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not listed. After analyzing the tables, I wondered if the data represent the opinion of 60 people or only two people. Not knowing the number of participants in each category results in concerns about the validity of the data and the wisdom of generalizing the findings. Another concern is that all survey results were based on only one measure: self-report on a survey. Multiple measures such as self-report and survey responses from other members of the school could contribute to the overall validity of the findings. The summary of the section written for administrators concludes that high quality, in-depth professional development was linked to workforce quality. Carlson et al. (2002) further state that school climate is tied to workload manageability and the career plans of the staff. These findings may have implications for administrators. Leadership standards and revised requirements for administrative licensure reflect the emphasis on accountability for the success of all students and include the notion that it is essential for principals to support students with disabilities, their teachers, families, and community (Interstate School Leaders Licensure Consortium, 1996; National Association of Elementary School Principals, 2001). Lack of special education knowledge is seen as a limiting factor that may result in the lack of success for students with disabilities (DiPaola, & WaltherThomas, 2003). Knowledge about inclusion, the IEP, and the effective strategies for educating students with disabilities are necessary for student success (Hoy & Sweetland, 2001). It is difficult to build a school program that meets the needs of the students and the requirements of law without an understanding of the needs of all students, the laws, and the regulations in place to protect their students rights (Daughtery, 2001). Protz (2005) surveyed 82 administrators defined as principals, assistant principals, principal fellows, and principal interns to determine the amount of special education training received by building level

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administrators, their views on the relevance of special education law in their practice, and their self-perception of the their own adequacy in the area of special education law. In addition, a 26item instrument, designed to assess their knowledge of special education, was administered as part of the survey. Sixty-two percent (n=51) of the administrators who were sent the survey responded to it. This number was further disaggregated to show that 62.7% of the respondents were assistant principals and the remainders, 37.3% of the respondents, were principals. The data analysis indicates that 72.2% of the principals and 71.5% of the assistant principals who responded felt their education had sufficiently prepared them to meet the needs of students with disabilities, 51% of the same respondents strongly agreed that additional training in the area of special education law was needed. This need for additional training was reinforced in the assessment of knowledge segment of the survey. Based on the analysis of the 26-item assessment of principals knowledge of special education, the majority of the respondents indicated a low rate of knowledge in the areas of evaluation, reevaluation, graduation, related service, compliance and due process. Overall, principals and assistant principals mean scores of knowledge of special education law was 52.2% and 56.8% respectively. The gap between administrators confidence in their ability to lead special education programs and their knowledge of special education is interesting. However, several weaknesses are inherent in this study. The 51 respondents in this survey are from a single county in North Carolina. Their responses may reflect regional principal preparation programs and local dissemination of special education information. Rather, data collected from a more diverse sample would have brought more validity to the research. Additionally, while the sample size of the whole group is adequate, the size of the principal group (n=18) is small, and as a result,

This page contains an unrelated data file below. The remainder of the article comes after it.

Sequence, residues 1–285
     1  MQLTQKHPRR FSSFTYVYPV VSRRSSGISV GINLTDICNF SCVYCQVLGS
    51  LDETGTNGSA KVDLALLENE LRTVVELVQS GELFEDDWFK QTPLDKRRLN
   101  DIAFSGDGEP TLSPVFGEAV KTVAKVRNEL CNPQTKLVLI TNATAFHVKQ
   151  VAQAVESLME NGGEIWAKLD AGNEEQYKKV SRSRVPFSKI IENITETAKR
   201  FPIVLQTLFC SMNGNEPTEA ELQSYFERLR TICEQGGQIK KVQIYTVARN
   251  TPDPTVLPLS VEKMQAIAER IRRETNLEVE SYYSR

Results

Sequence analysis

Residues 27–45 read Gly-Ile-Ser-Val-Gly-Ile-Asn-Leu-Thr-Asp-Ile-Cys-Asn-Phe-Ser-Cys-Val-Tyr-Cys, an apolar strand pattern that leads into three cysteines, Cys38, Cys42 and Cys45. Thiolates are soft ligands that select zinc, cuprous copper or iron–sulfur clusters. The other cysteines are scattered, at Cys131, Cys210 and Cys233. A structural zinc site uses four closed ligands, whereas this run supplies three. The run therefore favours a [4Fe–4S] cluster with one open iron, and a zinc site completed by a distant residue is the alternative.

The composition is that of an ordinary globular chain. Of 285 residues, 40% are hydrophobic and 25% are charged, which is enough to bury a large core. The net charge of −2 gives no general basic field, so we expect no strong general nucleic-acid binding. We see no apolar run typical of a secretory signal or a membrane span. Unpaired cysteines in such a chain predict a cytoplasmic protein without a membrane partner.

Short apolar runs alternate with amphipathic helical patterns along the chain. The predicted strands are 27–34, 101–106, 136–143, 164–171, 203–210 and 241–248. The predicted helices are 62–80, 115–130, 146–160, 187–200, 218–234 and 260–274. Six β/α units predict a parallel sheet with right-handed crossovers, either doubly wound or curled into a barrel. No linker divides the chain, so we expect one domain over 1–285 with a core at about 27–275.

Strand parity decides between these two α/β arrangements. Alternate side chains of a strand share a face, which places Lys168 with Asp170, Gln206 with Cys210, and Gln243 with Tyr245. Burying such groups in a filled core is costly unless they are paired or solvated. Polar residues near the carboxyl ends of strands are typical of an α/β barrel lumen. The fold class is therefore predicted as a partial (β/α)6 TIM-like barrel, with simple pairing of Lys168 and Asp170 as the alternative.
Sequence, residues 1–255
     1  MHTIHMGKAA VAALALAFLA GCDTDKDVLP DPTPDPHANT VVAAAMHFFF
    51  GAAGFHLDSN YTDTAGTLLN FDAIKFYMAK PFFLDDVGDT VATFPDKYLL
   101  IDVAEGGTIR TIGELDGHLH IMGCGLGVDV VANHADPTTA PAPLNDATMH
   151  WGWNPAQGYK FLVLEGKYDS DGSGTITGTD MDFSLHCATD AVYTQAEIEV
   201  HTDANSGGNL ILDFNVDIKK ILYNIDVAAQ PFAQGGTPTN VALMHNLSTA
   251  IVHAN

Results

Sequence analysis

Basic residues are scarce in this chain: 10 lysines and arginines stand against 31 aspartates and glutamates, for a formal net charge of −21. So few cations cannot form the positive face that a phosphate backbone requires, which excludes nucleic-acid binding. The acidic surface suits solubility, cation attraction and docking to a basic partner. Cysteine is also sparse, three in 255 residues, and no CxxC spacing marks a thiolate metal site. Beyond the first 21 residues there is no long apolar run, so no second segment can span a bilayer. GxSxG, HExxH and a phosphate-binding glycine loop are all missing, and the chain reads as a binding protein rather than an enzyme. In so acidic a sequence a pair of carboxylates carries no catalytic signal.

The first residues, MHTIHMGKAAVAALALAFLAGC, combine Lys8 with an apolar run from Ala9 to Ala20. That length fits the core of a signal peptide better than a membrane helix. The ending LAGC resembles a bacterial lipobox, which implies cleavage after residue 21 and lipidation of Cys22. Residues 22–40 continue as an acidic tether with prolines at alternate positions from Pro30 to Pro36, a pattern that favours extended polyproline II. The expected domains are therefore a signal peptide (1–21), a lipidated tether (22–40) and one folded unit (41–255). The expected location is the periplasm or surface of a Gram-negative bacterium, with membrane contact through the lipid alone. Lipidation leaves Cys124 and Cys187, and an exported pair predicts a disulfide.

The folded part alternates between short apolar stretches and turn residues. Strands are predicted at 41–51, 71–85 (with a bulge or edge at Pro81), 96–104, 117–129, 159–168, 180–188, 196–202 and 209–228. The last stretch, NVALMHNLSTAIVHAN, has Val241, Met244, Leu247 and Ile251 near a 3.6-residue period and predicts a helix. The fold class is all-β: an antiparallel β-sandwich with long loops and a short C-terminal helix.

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the findings for this subgroup is unreliable. Finally, the assessment instrument, designed to test the knowledge of the principal and assistant principal, is not validated by conventional research practices nor has it undergone the rigors of a peer review process. I was uncertain that the instrument tested what it purported to test, or even if the scoring guide was correct. Also, I had no idea how these perceptions correlated with student performance. However, the main conclusion of the study is that principals and assistant principals believe that they need a deeper knowledge of special education. More recently, Lasky and Karge (2006) examined the formal training of principals in school districts located in southern California. Of the 800 surveys that were mailed out, 205 principals responded. Lasky and Karge (2006) state: respondents [principals] reported limited ability and knowledge related to children with special needs (p.25). The authors conclude that principals need additional training in the area of special education in their both administrative preparation and while on the job. Harriott (2004) looked across the 50 states and identified important topics related to inclusion training. Those topics included collaboration, instructional adaptations and methods, behavior management, information on specific disability areas, and implementation barriers. On a similar note, Carlson et al. (2002) concluded that collaboration is worth the effort because the majority of students with disabilities spend a large part of their school day in general education settings. Further, Carlson et al. claim that teachers working in isolation reported using best practices less often than teachers who work as part of a team. Special education advocacy literature on leadership calls for collaboration between and among the staff who provide educational services to students with disabilities. Collaborative skills include setting measurable goals and creating norms for operating and setting agendas